Old Footage Shows Gorillas Rescuing Children Who Fell Into Their Pits

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Kaplan urged a thorough investigation of the incident, to see why Harambe had to die. (The Cincinnati police announced Tuesday that they will be investigating the incident.) “Since the tragedy has happened, the zoo should be pressured into reviewing and publicly explaining its safety standards for people and children, and enclosures,” Kaplan said. “[The zoo] should be asked to explain and show what its protocols are in dealing with animals in emergency situations such as this was, and be questioned on its ethical standards.”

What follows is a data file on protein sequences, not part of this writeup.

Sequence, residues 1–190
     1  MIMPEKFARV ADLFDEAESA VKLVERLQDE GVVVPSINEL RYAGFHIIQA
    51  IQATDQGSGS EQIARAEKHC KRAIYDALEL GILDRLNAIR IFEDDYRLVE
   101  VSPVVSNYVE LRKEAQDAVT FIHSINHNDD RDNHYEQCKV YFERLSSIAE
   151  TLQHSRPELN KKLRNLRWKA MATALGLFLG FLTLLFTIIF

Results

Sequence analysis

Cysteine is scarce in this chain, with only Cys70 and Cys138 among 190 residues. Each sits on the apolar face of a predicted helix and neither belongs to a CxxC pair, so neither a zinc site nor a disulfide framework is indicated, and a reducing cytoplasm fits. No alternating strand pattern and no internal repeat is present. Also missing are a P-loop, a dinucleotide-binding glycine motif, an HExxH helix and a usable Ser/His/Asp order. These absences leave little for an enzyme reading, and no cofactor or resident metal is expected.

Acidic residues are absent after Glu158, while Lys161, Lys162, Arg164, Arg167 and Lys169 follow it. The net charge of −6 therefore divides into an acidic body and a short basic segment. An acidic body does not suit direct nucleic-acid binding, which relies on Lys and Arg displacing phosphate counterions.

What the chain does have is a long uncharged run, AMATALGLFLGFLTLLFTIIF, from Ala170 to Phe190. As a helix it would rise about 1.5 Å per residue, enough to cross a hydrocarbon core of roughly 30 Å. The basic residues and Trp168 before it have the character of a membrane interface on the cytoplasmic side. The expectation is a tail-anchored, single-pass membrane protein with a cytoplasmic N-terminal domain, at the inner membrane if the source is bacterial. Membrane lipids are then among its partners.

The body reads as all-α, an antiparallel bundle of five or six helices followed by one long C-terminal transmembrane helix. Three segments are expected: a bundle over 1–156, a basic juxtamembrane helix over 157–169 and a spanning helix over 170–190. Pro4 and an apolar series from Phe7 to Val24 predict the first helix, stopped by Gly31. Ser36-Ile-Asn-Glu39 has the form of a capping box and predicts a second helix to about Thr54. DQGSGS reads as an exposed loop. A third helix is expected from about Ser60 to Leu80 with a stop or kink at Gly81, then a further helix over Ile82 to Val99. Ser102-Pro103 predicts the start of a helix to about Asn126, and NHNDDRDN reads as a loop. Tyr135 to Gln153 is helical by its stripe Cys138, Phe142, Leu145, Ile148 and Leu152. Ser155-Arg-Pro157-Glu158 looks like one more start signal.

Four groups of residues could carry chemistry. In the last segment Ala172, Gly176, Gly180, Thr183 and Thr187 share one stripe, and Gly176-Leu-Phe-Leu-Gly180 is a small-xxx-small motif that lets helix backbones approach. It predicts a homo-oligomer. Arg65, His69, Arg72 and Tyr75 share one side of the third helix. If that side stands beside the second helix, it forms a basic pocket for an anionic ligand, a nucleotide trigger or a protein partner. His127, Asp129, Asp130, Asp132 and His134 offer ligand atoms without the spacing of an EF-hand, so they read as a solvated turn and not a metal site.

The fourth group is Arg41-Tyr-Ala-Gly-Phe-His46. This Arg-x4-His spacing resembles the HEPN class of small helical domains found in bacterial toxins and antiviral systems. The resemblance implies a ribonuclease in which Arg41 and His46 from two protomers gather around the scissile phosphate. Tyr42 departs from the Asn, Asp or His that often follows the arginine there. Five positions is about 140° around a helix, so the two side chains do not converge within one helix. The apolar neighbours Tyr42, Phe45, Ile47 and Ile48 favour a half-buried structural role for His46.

Kaplan pointed out that gorillas can get through crisis situations unharmed. “Many other positive inducements [methods] can be used,” she said. “Then there are negative inducements such as restraints (nets), tasers, pepper sprays — another zoo had successfully used fire hoses to contain their animal.”

But the zoo stands by its decision. “We are heartbroken about losing Harambe, but a child’s life was in danger and a quick decision had to be made by our Dangerous Animal Response Team,” Zoo Director Thane Maynard said in a statement. “Our first response was to call the gorillas out of the exhibit. The two females complied, but Harambe did not. It is important to note that with the child still in the exhibit, tranquilizing the 450-pound gorilla was not an option. Tranquilizers do not take effect for several minutes and the child was in imminent danger. On top of that, the impact from the dart could agitate the animal and cause the situation to get much worse.”

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